This phase is typically the most difficult of the four SARA phases. Often thescanning is confused with the analysis, which results in an inadequate picture of theproblem. People often believe police officers. Police officers usually believethemselves. Once they have scanned a problem, they may have undue confidence inwhat the causes are, and be unprepared or unwilling to put this to the test. This oftenresults in an inappropriate response to the cause(s) of the problem. Analysis shouldalways allow the possibility of being proved wrong in one’s beliefs.The purpose of the analysis phase is to determine, to the highest degree of confidence,what factors produce, facilitate or are necessary conditions of, the offensivebehaviour. The practical limits of researching an individual problem will always needto be kept in mind, but it is essential that adequate time be given for a thoroughexploration of all components of the problem. To do this, the Problem AnalysisTriangle (PAT) is recommended to structure the analysis.PAT consists of three elements: offender, victim and location; all of which must bepresent for a crime or disorder incident to occur. Thus, a major part of the analyticalprocess is to consider the problem from each perspective. The final piece of thepuzzle is to devise how these three elements interrelate to form the observed problem.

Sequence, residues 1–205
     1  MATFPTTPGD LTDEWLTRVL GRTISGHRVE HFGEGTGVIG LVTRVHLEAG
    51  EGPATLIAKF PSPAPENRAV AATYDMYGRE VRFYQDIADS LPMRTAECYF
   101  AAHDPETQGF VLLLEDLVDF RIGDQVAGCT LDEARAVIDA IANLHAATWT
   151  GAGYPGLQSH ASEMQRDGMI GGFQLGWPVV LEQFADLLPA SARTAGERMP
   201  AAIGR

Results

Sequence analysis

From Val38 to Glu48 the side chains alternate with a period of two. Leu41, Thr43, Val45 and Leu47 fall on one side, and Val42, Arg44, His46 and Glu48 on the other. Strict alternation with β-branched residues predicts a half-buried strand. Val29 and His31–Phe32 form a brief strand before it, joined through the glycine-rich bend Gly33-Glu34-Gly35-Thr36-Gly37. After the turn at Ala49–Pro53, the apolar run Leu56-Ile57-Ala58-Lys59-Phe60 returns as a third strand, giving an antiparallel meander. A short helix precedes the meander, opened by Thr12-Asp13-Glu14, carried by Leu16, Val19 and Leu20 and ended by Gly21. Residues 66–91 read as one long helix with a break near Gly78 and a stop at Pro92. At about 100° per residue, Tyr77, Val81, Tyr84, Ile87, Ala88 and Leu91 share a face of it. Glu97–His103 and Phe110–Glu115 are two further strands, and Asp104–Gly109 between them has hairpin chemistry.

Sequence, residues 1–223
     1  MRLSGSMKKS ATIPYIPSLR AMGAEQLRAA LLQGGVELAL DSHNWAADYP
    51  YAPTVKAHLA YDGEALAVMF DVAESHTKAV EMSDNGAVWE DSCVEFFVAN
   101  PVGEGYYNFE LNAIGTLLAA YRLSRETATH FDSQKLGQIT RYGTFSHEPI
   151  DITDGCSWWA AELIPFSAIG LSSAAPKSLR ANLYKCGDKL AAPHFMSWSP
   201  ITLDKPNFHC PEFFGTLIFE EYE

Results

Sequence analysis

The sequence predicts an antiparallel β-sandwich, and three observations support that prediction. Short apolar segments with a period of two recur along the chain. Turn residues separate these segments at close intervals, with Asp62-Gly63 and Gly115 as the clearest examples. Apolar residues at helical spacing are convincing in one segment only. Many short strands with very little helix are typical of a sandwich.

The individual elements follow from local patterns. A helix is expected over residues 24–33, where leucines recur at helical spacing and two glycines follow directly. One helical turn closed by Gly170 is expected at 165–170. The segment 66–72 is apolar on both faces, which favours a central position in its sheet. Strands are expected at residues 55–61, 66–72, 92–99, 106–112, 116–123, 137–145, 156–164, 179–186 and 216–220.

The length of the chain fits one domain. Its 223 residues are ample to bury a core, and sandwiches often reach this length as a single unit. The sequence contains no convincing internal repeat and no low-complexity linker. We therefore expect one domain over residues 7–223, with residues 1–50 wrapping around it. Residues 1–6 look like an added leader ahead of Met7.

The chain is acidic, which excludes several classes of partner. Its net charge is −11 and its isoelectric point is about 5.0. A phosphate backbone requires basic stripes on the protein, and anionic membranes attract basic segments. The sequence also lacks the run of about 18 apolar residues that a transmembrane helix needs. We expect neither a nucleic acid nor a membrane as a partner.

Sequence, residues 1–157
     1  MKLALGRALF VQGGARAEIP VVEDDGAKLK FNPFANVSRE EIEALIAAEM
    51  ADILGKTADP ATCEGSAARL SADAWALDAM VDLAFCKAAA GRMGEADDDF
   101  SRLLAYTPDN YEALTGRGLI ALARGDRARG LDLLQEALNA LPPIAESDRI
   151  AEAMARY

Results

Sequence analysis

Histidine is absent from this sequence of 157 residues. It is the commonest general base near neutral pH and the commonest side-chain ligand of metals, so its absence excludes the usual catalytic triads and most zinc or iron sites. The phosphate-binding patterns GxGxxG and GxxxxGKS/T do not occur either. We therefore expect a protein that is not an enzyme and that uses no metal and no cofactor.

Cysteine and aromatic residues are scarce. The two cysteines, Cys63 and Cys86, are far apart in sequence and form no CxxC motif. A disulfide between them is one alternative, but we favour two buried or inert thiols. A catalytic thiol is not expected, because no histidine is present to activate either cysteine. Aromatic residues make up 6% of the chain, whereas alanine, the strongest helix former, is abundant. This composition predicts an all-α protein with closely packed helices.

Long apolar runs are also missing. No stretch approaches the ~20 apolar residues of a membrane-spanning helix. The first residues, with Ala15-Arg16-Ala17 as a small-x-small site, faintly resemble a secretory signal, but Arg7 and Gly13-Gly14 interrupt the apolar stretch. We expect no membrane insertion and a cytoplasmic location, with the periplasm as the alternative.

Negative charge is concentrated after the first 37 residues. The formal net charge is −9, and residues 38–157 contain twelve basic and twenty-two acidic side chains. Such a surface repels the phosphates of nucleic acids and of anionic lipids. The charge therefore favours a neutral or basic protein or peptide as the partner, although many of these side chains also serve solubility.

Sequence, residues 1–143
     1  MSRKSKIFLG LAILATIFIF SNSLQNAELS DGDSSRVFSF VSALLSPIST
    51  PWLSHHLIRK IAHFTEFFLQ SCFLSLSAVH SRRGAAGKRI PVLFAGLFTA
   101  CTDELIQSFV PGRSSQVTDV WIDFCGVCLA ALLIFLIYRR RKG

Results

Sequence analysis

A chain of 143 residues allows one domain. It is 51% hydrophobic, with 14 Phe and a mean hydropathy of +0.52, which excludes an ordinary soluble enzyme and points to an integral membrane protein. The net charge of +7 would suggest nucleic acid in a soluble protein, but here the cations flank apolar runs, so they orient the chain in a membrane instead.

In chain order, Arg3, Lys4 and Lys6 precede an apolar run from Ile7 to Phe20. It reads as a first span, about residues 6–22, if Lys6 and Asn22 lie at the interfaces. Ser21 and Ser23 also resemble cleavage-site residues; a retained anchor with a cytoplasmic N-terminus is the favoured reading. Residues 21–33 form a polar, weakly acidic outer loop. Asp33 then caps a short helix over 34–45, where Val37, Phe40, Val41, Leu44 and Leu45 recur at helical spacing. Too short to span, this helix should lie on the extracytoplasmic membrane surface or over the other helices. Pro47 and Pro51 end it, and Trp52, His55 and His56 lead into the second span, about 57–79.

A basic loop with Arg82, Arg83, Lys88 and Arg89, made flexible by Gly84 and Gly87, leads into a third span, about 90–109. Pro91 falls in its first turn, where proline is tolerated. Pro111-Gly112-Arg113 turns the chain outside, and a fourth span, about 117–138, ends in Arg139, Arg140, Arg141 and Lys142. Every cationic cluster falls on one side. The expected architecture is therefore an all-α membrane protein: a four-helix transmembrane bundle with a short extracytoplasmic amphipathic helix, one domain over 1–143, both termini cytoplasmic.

Problems will vary in the attractiveness of each of the three elements as points forintervention. For instance, some locations provide ample opportunities for crime andthus form ‘attractive’ nuisances. Some victims may be chronically targeted. Removethe supply of opportunities and a great deal of the problem will have been addressed.In other cases, the problem may be a result of a single offender or a small group of offenders. The result of the analysis will determine the approach taken to tackle theproblem.During the analysis phase, it is crucial to keep an open mind about alternate theoriesof how the problem is manifested. This is the most challenging aspect of analyticalwork; developing alternate hypotheses to explain the factors generating a problem.The next step is to try to falsify the explanations. How could the competing theoriesbe tested? What conditions would need to be present to make them true or false?Often an explanation is merely offered, with little scrutiny of how plausible it may beor any consideration to other explanations.